9.5.1: For 114, determine the general solution to the system x = Ax for th...
 9.5.2: For 114, determine the general solution to the system x = Ax for th...
 9.5.3: For 114, determine the general solution to the system x = Ax for th...
 9.5.4: For 114, determine the general solution to the system x = Ax for th...
 9.5.5: For 114, determine the general solution to the system x = Ax for th...
 9.5.6: For 114, determine the general solution to the system x = Ax for th...
 9.5.7: For 114, determine the general solution to the system x = Ax for th...
 9.5.8: For 114, determine the general solution to the system x = Ax for th...
 9.5.9: For 114, determine the general solution to the system x = Ax for th...
 9.5.10: For 114, determine the general solution to the system x = Ax for th...
 9.5.11: For 114, determine the general solution to the system x = Ax for th...
 9.5.12: For 114, determine the general solution to the system x = Ax for th...
 9.5.13: For 114, determine the general solution to the system x = Ax for th...
 9.5.14: For 114, determine the general solution to the system x = Ax for th...
 9.5.15: For 1516, solve the initialvalue problem.
 9.5.16: For 1516, solve the initialvalue problem.
 9.5.17: Show that if the vector differential equation x = Ax has a solution...
 9.5.18: Let A be a 2 2 real matrix. Prove that all solutions to x = Ax sati...
 9.5.19: Let A be a 2 2 real matrix. Prove that all solutions to x = Ax sati...
 9.5.20: This problem outlines a proof of Theorem 9.5.4 using results from t...
Solutions for Chapter 9.5: Vector Differential Equations: Defective Coefficient Matrix
Full solutions for Differential Equations  4th Edition
ISBN: 9780321964670
Solutions for Chapter 9.5: Vector Differential Equations: Defective Coefficient Matrix
Get Full SolutionsSince 20 problems in chapter 9.5: Vector Differential Equations: Defective Coefficient Matrix have been answered, more than 19770 students have viewed full stepbystep solutions from this chapter. Differential Equations was written by and is associated to the ISBN: 9780321964670. Chapter 9.5: Vector Differential Equations: Defective Coefficient Matrix includes 20 full stepbystep solutions. This expansive textbook survival guide covers the following chapters and their solutions. This textbook survival guide was created for the textbook: Differential Equations, edition: 4.

Adjacency matrix of a graph.
Square matrix with aij = 1 when there is an edge from node i to node j; otherwise aij = O. A = AT when edges go both ways (undirected). Adjacency matrix of a graph. Square matrix with aij = 1 when there is an edge from node i to node j; otherwise aij = O. A = AT when edges go both ways (undirected).

Back substitution.
Upper triangular systems are solved in reverse order Xn to Xl.

Block matrix.
A matrix can be partitioned into matrix blocks, by cuts between rows and/or between columns. Block multiplication ofAB is allowed if the block shapes permit.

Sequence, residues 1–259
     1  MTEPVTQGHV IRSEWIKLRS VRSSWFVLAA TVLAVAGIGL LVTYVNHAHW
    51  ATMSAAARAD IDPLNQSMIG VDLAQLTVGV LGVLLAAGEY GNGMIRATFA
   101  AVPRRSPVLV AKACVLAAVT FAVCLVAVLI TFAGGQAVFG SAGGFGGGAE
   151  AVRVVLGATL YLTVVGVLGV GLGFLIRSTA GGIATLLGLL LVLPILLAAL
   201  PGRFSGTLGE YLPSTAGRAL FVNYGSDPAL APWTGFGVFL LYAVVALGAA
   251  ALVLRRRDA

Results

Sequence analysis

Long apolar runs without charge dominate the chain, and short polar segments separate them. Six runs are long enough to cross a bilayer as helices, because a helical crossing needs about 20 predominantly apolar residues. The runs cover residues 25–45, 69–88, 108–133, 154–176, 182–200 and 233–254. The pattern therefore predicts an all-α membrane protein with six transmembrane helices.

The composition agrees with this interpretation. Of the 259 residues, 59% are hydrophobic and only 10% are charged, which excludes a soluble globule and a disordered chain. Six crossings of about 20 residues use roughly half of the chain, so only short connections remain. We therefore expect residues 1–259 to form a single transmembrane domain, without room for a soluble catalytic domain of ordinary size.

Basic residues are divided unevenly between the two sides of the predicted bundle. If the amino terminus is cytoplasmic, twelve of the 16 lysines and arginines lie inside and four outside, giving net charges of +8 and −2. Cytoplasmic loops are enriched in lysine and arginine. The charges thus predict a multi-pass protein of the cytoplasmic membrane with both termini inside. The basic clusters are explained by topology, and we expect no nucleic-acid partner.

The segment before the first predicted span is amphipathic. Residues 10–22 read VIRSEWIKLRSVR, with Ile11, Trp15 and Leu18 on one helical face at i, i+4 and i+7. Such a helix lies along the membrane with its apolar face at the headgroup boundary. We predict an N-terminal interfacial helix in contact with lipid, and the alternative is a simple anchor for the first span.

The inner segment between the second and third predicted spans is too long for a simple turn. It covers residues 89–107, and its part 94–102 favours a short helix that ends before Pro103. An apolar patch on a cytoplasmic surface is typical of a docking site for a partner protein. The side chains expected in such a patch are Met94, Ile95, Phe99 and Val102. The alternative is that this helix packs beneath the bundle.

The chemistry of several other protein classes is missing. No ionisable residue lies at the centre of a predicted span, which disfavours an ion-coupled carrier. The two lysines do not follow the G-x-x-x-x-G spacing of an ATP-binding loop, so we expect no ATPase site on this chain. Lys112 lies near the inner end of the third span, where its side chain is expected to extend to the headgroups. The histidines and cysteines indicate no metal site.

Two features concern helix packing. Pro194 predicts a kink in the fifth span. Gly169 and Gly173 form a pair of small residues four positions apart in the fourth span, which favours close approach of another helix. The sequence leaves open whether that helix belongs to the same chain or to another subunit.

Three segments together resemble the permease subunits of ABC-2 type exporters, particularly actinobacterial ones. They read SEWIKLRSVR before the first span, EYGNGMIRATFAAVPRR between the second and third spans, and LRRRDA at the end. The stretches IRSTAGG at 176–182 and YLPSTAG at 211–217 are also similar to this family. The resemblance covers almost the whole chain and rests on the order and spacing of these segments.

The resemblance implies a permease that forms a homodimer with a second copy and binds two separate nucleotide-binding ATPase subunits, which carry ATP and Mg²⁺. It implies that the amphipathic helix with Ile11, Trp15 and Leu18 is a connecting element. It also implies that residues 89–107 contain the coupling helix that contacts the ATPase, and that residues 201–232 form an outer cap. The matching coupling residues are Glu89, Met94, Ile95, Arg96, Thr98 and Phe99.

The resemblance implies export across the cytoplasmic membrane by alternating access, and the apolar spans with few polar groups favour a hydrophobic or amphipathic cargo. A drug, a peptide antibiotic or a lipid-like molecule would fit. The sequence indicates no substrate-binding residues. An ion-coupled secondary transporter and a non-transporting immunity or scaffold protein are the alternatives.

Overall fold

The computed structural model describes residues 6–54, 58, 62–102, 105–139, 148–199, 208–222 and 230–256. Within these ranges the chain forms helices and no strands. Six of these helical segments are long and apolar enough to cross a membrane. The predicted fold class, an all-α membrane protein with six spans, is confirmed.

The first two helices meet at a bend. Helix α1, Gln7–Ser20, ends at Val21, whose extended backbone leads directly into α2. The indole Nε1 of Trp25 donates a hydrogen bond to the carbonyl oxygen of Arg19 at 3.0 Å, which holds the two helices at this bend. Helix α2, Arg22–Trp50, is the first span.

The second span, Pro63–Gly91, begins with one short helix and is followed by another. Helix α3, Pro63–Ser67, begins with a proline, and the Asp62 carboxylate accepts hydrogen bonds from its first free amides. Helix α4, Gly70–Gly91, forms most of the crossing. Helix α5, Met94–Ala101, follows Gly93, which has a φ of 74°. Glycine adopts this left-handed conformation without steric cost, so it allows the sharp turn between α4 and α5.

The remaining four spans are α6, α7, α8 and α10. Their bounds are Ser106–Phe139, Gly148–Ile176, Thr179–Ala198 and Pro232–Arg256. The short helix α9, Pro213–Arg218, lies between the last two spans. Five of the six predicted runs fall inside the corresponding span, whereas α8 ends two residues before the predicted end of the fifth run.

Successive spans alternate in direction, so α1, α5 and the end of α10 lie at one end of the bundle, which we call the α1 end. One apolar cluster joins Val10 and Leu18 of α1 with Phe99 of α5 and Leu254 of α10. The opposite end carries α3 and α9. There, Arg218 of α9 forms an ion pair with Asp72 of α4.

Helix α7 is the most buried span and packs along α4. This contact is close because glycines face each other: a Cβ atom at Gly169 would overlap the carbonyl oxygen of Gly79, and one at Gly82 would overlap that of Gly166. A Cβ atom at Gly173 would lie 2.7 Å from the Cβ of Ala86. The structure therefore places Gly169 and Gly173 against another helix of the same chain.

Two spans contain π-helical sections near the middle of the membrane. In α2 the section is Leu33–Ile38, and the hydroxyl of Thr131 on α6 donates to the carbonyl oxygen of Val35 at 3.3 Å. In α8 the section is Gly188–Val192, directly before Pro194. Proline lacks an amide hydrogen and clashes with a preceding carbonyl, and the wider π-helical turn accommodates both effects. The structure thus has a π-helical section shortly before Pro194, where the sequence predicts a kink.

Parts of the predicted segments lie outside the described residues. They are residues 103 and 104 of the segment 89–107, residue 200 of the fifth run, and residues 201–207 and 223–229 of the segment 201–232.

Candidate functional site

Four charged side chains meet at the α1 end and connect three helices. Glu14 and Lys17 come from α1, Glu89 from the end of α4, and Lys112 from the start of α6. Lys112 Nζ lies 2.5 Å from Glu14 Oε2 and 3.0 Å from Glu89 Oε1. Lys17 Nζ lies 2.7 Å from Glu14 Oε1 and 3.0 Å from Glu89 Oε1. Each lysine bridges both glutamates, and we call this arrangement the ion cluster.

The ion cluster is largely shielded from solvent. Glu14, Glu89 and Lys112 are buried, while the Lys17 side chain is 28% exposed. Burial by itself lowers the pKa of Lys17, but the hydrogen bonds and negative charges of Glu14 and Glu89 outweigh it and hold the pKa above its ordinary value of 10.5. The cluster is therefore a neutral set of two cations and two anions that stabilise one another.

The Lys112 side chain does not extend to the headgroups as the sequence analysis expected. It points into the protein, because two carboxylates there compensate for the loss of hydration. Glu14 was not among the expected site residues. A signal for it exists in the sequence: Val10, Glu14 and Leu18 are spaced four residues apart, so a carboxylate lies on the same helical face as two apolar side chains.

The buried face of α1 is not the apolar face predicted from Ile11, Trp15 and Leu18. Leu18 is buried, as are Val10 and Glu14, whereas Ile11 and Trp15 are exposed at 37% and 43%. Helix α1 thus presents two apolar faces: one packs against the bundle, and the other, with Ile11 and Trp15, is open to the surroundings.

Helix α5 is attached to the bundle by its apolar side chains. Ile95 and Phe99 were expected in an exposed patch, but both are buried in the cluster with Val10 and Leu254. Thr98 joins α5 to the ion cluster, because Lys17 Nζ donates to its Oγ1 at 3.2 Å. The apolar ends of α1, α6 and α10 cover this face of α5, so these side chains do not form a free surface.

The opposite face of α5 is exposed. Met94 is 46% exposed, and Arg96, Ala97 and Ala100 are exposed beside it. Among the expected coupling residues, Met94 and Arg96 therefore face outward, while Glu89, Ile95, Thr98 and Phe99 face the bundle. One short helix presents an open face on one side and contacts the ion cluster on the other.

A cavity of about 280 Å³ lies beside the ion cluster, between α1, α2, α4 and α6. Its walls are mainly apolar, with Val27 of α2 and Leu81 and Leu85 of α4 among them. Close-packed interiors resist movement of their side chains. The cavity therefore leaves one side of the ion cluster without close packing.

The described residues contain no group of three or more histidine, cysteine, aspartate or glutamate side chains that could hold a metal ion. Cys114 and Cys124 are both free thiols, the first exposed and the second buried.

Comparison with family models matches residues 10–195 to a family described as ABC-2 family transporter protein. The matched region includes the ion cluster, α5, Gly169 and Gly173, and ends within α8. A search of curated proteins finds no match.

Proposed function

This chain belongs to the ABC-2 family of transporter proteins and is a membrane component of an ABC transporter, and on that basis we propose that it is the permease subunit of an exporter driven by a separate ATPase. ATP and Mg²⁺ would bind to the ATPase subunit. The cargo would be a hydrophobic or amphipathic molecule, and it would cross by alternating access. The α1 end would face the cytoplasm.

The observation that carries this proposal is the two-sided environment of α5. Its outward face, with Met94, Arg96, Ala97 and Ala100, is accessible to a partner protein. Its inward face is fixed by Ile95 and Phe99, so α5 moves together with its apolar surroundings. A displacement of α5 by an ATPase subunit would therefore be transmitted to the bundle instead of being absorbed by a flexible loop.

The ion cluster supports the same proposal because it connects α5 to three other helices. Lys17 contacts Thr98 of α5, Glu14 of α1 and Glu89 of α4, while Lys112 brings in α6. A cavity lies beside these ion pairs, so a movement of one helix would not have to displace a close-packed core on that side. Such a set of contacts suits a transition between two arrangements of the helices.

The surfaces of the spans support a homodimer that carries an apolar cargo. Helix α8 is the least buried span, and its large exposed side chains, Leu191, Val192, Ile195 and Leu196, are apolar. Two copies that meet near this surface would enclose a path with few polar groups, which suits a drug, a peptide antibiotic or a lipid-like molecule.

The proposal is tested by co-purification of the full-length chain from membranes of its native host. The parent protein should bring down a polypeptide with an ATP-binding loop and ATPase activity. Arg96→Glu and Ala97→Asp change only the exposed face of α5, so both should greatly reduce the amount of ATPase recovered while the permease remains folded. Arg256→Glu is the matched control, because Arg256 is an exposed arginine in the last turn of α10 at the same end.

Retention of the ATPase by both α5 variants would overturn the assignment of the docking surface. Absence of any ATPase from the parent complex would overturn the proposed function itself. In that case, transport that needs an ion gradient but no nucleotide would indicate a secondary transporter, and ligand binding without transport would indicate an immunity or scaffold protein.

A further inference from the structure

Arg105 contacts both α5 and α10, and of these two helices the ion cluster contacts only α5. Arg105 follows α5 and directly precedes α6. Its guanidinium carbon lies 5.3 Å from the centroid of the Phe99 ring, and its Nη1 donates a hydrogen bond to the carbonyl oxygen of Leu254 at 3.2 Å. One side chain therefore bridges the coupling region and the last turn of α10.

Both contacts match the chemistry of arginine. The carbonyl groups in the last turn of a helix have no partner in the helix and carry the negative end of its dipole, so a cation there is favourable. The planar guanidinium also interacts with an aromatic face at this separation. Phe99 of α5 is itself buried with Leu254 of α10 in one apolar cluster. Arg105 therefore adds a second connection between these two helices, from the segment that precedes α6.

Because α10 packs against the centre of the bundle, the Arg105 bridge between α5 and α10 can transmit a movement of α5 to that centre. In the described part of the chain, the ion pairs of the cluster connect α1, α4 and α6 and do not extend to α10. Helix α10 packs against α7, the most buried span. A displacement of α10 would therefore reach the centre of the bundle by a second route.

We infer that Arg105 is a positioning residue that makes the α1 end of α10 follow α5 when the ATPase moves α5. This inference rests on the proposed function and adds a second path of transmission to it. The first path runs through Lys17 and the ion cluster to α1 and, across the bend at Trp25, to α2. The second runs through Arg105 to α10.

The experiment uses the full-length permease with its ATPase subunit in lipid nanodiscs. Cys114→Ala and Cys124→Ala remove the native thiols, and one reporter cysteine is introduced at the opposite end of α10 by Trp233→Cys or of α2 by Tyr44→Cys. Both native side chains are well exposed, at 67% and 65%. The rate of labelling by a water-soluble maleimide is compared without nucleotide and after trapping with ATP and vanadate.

Change of basis matrix M.
The old basis vectors v j are combinations L mij Wi of the new basis vectors. The coordinates of CI VI + ... + cnvn = dl wI + ... + dn Wn are related by d = M c. (For n = 2 set VI = mll WI +m21 W2, V2 = m12WI +m22w2.)

Cross product u xv in R3:
Vector perpendicular to u and v, length Ilullllvlll sin el = area of parallelogram, u x v = "determinant" of [i j k; UI U2 U3; VI V2 V3].

Cyclic shift
S. Permutation with S21 = 1, S32 = 1, ... , finally SIn = 1. Its eigenvalues are the nth roots e2lrik/n of 1; eigenvectors are columns of the Fourier matrix F.

Echelon matrix U.
The first nonzero entry (the pivot) in each row comes in a later column than the pivot in the previous row. All zero rows come last.

Hessenberg matrix H.
Triangular matrix with one extra nonzero adjacent diagonal.

Identity matrix I (or In).
Diagonal entries = 1, offdiagonal entries = 0.

Linear transformation T.
Each vector V in the input space transforms to T (v) in the output space, and linearity requires T(cv + dw) = c T(v) + d T(w). Examples: Matrix multiplication A v, differentiation and integration in function space.

Markov matrix M.
All mij > 0 and each column sum is 1. Largest eigenvalue A = 1. If mij > 0, the columns of Mk approach the steady state eigenvector M s = s > O.

Multiplication Ax
= Xl (column 1) + ... + xn(column n) = combination of columns.

Polar decomposition A = Q H.
Orthogonal Q times positive (semi)definite H.

Rotation matrix
R = [~ CS ] rotates the plane by () and R 1 = RT rotates back by (). Eigenvalues are eiO and eiO , eigenvectors are (1, ±i). c, s = cos (), sin ().

Similar matrices A and B.
Every B = MI AM has the same eigenvalues as A.

Simplex method for linear programming.
The minimum cost vector x * is found by moving from comer to lower cost comer along the edges of the feasible set (where the constraints Ax = b and x > 0 are satisfied). Minimum cost at a comer!

Stiffness matrix
If x gives the movements of the nodes, K x gives the internal forces. K = ATe A where C has spring constants from Hooke's Law and Ax = stretching.

Sum V + W of subs paces.
Space of all (v in V) + (w in W). Direct sum: V n W = to}.

Unitary matrix UH = U T = UI.
Orthonormal columns (complex analog of Q).

Vandermonde matrix V.
V c = b gives coefficients of p(x) = Co + ... + Cn_IXn 1 with P(Xi) = bi. Vij = (Xi)jI and det V = product of (Xk  Xi) for k > i.